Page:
February 27, 2020
Oh, the places you’ll go – if you shut down the computer and open up a book instead!
In honor of Dr. Seuss, tips on how to encourage reading with your kids in a screen-filled world
WEST LAFAYETTE, Ind. — Parents and teachers will encourage kids to put aside their screens and pick up a book – including those by famed children’s author Dr. Seuss – as part of Read Across America Day during his birthday celebration on March 2.
In addition to whimsy, Seuss’ books are known for their contributions to math and language development. The simple counting, sound imitation and rhyming patterns are important in helping children grow and develop skills for the future, say two Purdue University experts.
Jennifer Dobbs-Oates is a clinical associate professor of human development and family studies, and David Purpura is an associate professor of human development and family studies in the College of Health and Human Sciences who specializes in preschool mathematics and literacy and environments. They offer the following tips on the importance of reading to children:
- Pick books that have playful language, using rhymes and repetition. Kids love books that are repetitive, encourage singing or sounds, and encourage response. “Read what your kid wants to read. Follow their lead of what they are interested in having you read to them,” Dobbs-Oates says.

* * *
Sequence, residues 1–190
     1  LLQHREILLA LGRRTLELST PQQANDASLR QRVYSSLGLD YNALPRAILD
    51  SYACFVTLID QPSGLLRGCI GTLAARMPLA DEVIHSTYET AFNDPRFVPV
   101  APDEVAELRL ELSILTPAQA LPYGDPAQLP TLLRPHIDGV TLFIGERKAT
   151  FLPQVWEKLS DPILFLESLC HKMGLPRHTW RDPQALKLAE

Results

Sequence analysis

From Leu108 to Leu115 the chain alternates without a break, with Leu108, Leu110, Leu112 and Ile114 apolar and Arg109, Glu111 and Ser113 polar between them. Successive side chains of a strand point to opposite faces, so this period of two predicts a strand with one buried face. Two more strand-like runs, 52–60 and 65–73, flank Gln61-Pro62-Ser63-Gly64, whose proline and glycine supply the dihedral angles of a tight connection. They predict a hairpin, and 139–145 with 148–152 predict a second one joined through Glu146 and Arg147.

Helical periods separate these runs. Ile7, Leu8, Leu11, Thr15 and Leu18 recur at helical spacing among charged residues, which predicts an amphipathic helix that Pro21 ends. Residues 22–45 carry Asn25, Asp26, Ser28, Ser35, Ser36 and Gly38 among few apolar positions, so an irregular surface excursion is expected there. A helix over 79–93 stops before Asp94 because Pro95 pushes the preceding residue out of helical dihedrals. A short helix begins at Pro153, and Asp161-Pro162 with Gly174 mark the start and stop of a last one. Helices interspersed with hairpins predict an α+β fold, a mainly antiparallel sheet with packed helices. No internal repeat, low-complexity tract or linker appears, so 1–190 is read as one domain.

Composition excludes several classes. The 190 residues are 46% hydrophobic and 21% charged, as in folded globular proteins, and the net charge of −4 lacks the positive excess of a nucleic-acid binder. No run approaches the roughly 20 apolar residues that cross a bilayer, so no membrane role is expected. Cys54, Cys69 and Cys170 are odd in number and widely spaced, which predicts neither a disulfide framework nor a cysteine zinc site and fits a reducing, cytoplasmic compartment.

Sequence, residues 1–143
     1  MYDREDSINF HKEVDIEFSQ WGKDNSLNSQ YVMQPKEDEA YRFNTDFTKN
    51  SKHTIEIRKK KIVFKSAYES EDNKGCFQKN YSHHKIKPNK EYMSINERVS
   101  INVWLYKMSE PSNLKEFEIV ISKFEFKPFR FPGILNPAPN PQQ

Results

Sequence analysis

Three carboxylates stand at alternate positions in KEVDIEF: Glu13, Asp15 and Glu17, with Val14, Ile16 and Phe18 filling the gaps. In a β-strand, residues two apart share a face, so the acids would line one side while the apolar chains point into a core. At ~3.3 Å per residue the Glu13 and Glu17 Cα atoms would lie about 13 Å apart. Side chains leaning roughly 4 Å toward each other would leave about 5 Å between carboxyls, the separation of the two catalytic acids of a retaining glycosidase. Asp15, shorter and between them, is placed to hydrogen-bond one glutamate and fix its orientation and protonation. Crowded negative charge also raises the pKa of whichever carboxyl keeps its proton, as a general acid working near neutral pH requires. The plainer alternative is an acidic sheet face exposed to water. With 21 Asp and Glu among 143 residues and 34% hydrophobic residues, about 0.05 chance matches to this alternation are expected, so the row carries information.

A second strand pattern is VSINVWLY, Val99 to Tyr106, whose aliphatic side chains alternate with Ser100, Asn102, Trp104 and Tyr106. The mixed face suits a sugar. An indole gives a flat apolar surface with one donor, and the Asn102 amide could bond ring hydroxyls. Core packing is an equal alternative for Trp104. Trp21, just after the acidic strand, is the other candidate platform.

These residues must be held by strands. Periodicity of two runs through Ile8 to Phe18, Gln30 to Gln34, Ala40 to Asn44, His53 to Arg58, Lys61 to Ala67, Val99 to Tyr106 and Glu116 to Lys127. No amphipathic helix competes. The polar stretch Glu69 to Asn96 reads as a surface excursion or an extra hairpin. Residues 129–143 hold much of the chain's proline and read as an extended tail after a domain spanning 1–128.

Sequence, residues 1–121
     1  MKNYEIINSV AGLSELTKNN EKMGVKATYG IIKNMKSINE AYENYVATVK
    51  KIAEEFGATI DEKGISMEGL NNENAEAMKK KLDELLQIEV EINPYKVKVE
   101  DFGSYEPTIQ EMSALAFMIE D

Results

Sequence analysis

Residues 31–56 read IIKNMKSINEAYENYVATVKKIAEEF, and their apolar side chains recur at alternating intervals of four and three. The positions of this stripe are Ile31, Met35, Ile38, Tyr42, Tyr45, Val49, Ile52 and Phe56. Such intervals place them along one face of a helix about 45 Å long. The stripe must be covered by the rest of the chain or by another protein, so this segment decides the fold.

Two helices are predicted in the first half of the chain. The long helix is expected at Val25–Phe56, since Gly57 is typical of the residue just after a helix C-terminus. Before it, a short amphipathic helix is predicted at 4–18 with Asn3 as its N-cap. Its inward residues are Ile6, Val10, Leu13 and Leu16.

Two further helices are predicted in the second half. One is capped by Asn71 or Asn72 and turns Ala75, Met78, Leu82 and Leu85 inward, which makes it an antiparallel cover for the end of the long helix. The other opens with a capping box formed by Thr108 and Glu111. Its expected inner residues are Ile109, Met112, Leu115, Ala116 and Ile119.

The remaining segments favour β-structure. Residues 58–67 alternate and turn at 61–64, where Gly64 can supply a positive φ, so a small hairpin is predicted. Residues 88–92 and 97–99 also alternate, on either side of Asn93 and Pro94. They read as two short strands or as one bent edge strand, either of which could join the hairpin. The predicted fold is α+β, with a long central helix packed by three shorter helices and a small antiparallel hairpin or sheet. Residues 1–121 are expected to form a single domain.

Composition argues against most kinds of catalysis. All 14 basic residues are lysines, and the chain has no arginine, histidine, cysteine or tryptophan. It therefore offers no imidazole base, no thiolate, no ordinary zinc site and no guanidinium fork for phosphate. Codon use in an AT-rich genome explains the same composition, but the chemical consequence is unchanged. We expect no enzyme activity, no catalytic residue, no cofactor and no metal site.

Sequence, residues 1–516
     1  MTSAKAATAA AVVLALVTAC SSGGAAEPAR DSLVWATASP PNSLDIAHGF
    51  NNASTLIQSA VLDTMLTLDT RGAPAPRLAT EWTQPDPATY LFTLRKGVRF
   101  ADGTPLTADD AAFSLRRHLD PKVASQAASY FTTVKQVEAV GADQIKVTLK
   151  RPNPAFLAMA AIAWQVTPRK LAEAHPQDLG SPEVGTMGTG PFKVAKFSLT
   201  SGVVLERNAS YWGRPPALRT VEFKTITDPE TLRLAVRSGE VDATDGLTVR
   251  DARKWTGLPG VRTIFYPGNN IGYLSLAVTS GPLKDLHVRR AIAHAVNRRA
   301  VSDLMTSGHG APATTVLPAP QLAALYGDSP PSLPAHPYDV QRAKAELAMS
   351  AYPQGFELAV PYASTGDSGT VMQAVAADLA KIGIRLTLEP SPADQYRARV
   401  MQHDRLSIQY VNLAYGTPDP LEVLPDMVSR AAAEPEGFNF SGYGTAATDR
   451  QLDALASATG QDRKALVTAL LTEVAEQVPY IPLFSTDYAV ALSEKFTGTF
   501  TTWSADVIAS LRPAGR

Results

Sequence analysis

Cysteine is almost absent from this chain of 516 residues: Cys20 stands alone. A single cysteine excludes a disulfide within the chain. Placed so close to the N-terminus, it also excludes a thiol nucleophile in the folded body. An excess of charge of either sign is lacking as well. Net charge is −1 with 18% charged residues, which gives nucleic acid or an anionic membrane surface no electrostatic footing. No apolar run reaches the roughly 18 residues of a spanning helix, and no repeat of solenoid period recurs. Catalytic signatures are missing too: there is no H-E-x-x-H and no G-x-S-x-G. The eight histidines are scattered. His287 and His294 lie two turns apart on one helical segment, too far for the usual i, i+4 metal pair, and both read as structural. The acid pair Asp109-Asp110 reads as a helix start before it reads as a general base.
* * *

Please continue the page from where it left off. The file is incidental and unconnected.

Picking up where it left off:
- Wordless books open up imaginations. Wordless books are popular with younger children. “They can be very valuable as you the reader or the child can make up stories, describing what you see in the book’s artwork,” she says.
- Read together. Reading books in a one-on-one setting can improve motivation for children to read more on their own. Attending group readings at libraries, schools or day care can be community-building and relationship-building activities, Dobbs-Oates says.
- Look for places in the book to encourage interaction. “Ask questions about the story and connect it to your child’s life. This will make the books more interactive and help build conversational language skills. Other activities, including having the children play the part of a character, can encourage play and a deeper understanding of the language and concepts in the story,” Purpura says. “They are having fun and learning at the same time. This sets a strong foundation for the future.”
- Don’t worry about the 30 million word gap: Just read and engage with your child. Purpura recently wrote an analysis calling for the use of more precise methods of assessing children’s language environments and development instead of relying on what is known as the 30 million word gap, as well as addressing issues and access to resources. Purpura points out that in addressing the 30 million word gap, children would need to hear an additional 24 words every minute for 14 hours a day for the first four years or read 96 books per day just to make up the gap.
“The number itself doesn’t matter. What parents do with their children does matter. We need to look at the barriers that prevent parents from doing more – those barriers matter,” Purpura says.
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Writer: Matthew Oates, 765-496-2571, email@example.com, @mo_oates
Sources: David Purpura, 765-494-2947, firstname.lastname@example.org, @davidjpurpura
Jennifer Dobbs-Oates, 765-494-2931, email@example.com, @JenDobbsOates
Note to Journalists: Stock art and photographs of the researchers are available for journalists to use via a Google Drive at https://purdue.university/2TkUJ7J.